Kolodner Named Interim Healthcare IT Leader

Les Bookoff

October 1, 2006

4 Min Read
Kolodner Named Interim Healthcare IT Leader

Late last month, Robert M. Kolodner, MD, joined the U.S. Department of Health and Human Services (HHS; Washington, DC) as the interim head of the Office of the National Coordinator for Health Information Technology (ONCHIT; Washington, DC). Kolodner comes to the office from the Veterans Health Administration in the Department of Veterans Affairs (VA; Washington, DC), where he has been serving as chief health informatics officer. He replaces David J. Brailer, MD, PhD, who served as the office's first occupant starting in May 2004.

Kolodner's appointment was made by HHS secretary Mike Leavitt. “He joins us at a time when we are making steady progress in advancing the president's health IT initiative, and his experience in patient care, health IT, and government will be invaluable to those efforts,” Leavitt said.

Kolodner's appointment was welcomed by the Healthcare Information and Management Systems Society (HIMSS; Chicago) and numerous other healthcare IT organizations. “For more than two decades, Rob Kolodner has played a critical role in helping the VA become one of the most cited and honored early adopters of healthcare information technology in general, and electronic medical records in particular,” said Fred Hannett, chair of the HIMSS government relations roundtable. “What better person to charge with maintaining the momentum established by David Brailer and HHS secretary Mike Leavitt to achieve the goal of a truly interoperable nationwide health information network?”

Since 1997, Kolodner has been involved in overseeing, promoting, and guiding VA activities related to the establishment of a comprehensive computerized clinical record for military personnel and veterans. He has been involved with the development and oversight of the administration's electronic health records systems, VistA, as well as My HealtheVet, a portal that enables veterans and their families to access health information, tools, and services via the Internet. He was also instrumental in establishing the Federal Health Information Exchange program, an interagency health technology initiative that supports improving care to veterans and strengthening the working relationship between the VA and the Department of Defense.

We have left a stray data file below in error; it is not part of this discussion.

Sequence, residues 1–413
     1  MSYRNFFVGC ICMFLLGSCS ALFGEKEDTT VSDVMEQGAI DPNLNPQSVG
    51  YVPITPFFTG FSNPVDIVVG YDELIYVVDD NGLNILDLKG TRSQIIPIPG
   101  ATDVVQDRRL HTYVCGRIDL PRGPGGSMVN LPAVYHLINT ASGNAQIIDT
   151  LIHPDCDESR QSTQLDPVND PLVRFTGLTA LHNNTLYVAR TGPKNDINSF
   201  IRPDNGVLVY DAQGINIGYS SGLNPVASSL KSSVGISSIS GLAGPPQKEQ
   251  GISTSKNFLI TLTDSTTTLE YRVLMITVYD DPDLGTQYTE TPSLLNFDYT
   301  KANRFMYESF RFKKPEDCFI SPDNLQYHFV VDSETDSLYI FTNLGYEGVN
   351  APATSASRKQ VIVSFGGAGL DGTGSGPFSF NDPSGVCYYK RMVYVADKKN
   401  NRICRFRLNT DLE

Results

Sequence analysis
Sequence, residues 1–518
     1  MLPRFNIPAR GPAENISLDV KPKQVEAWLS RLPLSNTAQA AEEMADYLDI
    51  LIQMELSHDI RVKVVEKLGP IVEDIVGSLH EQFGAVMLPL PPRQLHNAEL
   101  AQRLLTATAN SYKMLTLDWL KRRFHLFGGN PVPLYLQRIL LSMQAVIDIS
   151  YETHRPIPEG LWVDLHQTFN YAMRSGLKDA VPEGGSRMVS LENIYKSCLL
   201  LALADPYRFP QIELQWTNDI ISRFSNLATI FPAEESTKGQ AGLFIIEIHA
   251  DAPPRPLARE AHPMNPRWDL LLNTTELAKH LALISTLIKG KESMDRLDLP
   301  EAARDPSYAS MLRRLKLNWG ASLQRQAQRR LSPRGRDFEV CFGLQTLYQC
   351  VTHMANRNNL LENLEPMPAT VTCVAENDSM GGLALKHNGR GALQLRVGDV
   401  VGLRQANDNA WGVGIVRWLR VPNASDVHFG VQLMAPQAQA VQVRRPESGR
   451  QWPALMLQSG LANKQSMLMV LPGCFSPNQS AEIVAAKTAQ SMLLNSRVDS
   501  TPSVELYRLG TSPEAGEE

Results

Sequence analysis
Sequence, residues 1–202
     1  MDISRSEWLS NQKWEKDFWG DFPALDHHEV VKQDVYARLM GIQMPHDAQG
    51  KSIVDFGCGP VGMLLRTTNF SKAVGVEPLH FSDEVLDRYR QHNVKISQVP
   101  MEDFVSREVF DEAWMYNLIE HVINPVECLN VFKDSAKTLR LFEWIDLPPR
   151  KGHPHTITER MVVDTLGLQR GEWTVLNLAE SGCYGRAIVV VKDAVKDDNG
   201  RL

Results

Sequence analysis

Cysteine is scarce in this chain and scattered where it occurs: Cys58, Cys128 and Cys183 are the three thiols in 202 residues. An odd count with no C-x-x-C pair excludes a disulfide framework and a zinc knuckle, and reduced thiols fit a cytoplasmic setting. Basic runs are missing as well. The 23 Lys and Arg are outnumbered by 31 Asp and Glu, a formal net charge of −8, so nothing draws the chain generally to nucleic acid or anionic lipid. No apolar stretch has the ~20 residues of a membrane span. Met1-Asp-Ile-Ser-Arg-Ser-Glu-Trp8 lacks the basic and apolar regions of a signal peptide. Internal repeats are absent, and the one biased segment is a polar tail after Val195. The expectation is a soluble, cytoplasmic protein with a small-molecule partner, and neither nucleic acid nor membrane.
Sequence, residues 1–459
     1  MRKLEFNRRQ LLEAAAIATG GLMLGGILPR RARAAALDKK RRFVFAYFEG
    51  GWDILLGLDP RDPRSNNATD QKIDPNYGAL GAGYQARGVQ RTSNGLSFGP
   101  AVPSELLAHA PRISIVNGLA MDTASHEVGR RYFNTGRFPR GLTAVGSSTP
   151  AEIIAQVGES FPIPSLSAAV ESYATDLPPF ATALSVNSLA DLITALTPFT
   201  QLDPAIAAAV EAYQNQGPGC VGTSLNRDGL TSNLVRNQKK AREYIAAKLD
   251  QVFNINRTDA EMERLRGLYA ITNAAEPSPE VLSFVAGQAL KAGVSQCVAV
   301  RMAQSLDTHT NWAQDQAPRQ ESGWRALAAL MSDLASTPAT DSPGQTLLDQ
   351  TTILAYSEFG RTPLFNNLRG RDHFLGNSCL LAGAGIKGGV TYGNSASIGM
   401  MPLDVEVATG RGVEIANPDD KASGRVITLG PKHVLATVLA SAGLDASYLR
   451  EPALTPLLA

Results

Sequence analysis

According to ONCHIT, Kolodner's longstanding interest in computers led to his early involvement with VA's efforts to use automation in support of mental healthcare. In 1983, he chaired the Mental Health Special Interest Users Group and helped lay the groundwork for the VA's decentralized hospital computer program. Since then he has held a variety of positions related to the enhancement of the VA's information technologies.

In taking the reins of ONCHIT, Kolodner inherits an office that has been historically underfunded, according to many in the healthcare IT realm. The 2006 congressional budget package earmarked $61.7 million for ONCHIT's operations. The amount included $42.8 million in direct funding and $18.9 million for discretionary spending. In the 2005 budget, Congress initially failed to appropriate any funding to ONCHIT, but did eventually provide about $33 million for the office. That makes the 2006 allocation an increase of 87%, although the amount falls $13.3 million short of President Bush's budget request.

ONCHIT was established by executive order in April 2004. The following month, Brailer was named to head the office. In spite of having to manage budget shortfalls while navigating an often-unwieldy bureaucracy, Brailer was widely regarded as a strong advocate for healthcare IT implementation.

Kolodner's long background in government significantly contrasts that of Brailer. Prior to his appointment, Brailer was a senior fellow at the Health Technology Center (San Francisco), a nonprofit research and education organization. He also served for 10 years as chairman and CEO of CareScience Inc., a provider of care management services and Internet-based solutions for hospitals.

Between Brailer's resignation and Kolodner's appointment, ONCHIT was without a leader for about four months. At press time, no firm deadline had been announced for the selection of a permanent coordinator.

© 2006 Canon Communications LLC

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